Creating infographics is a great way to check for understanding because a well-crafted infographic requires you to drill down larger theories and the supporting research to key themes and concepts. In the past, I have designed infographics to make data more accessible and to share project information with a variety of audiences. This week, I worked to create an infographic (below) that could summarize the core ideas we have been exploring in CEP811, which focuses on the Maker Movement in education.
The theme that I chose to highlight with my infographic is the value of adding #MakerEd to your teacher toolbox. I wanted to recognize that many teachers already have numerous approaches and “tools” in their toolboxes that help them reach their students and make learning meaningful. I do not see the Maker Movement as something that can “rescue” education or solve all of its problems but I do believe that making is a powerful way for students to learn (Martinez & Stager, 2013, p. 3).
Therefore, it is important for educators to consider adding making to their toolboxes because it can help give students access to many of the experiences that help them to experience deeper learning. Likewise, #MakerEd can assist students in developing skills and mindsets that will serve them not only in the classroom, but in their futures as they start their own careers or even design completely new jobs (A. 2014).
Richard Culatta (2013) speaks to some of the challenges that many classrooms face today and I see the Maker Movement as helping to overcome them because it offers students a higher degree of voice and choice and through collaboration, hands-on learning, failure, and risk-taking, students begin to make connections about how things work and realize their own power as creators, inventors, and innovators (Couros, 2015).
If every lesson was designed with some form of making in mind, I think there would be a lot more cohesion across disciplines and room for real-world problem-solving in schools. Students would be able to constantly reference and build on their experiences because there would be fewer silos where students are told “this is science” and “this is literacy” and they are separate.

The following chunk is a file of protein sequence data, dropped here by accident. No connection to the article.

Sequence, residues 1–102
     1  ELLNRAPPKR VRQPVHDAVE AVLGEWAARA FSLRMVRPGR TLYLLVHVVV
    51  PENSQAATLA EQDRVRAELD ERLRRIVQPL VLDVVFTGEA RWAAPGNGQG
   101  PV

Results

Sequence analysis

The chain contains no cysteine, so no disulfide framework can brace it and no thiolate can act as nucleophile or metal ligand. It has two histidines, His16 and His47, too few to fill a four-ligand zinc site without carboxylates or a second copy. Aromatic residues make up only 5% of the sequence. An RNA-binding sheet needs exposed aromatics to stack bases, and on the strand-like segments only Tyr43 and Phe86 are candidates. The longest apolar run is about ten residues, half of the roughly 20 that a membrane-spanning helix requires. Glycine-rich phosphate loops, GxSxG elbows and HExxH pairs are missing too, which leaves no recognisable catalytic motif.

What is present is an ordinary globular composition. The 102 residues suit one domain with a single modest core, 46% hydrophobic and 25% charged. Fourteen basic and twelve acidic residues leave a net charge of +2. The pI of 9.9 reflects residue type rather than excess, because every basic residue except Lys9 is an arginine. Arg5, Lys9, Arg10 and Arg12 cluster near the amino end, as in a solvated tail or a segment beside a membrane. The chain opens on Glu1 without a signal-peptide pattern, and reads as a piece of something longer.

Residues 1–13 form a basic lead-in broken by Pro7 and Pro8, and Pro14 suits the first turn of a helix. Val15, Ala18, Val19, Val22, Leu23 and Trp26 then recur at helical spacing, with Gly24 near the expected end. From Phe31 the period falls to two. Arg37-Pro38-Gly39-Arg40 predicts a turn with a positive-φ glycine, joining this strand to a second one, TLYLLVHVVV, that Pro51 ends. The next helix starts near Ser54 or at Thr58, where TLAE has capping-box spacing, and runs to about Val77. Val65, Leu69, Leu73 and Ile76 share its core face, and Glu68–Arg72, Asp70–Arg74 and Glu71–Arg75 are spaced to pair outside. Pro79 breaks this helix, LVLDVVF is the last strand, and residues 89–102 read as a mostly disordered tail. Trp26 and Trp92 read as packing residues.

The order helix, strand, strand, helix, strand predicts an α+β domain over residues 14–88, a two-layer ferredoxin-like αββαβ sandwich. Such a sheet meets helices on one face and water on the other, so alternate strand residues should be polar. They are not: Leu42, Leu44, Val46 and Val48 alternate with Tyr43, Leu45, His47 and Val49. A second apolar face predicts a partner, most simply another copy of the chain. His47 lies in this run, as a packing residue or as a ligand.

I am excited to see what the current generation of students create and how they change the world in the next few years, using everything from a Raspberry Pi to 3D printing skills.
After exploring more of SketchUp this week, I took time to create a model of the redesign that happened to our Lower School storage closet this past summer. There was a lot of work that had to happen to transform it from a closet to the I.D.E.A. (the Imagination Destination at Episcopal Academy) Studio that it is today!
Before: The Storage Closet
To create my initial designs, I pulled on a variety of resources, including books like Invent to Learnand Make Space, online web searches for furniture and room design, my background in the Reggio Emilia approach, and visits to numerous other innovation/makerspaces. I also thought about what worked well and what challenges I had experienced with my previous space (a traditional computer lab) and facilitating an after-school Maker Club (cardboard everywhere!).
This background research and experience helped me to create the key tenets (Fleming, 2015) I knew I wanted for the space:
Agility and flexibility – furniture that could be moved and changed quickly and often (Barrett, Zhang, Moffat & Kobbacy, 2013; Martinez & Stager, 2013)
Accessibility – materials visible and openly accessible to students (Martinez & Stager, 2013)
Inviting – a warm, welcoming space people want to spend time in
Imaginative – a space that inspires you to be creative and playful (OWP/P Architects et al., 2010)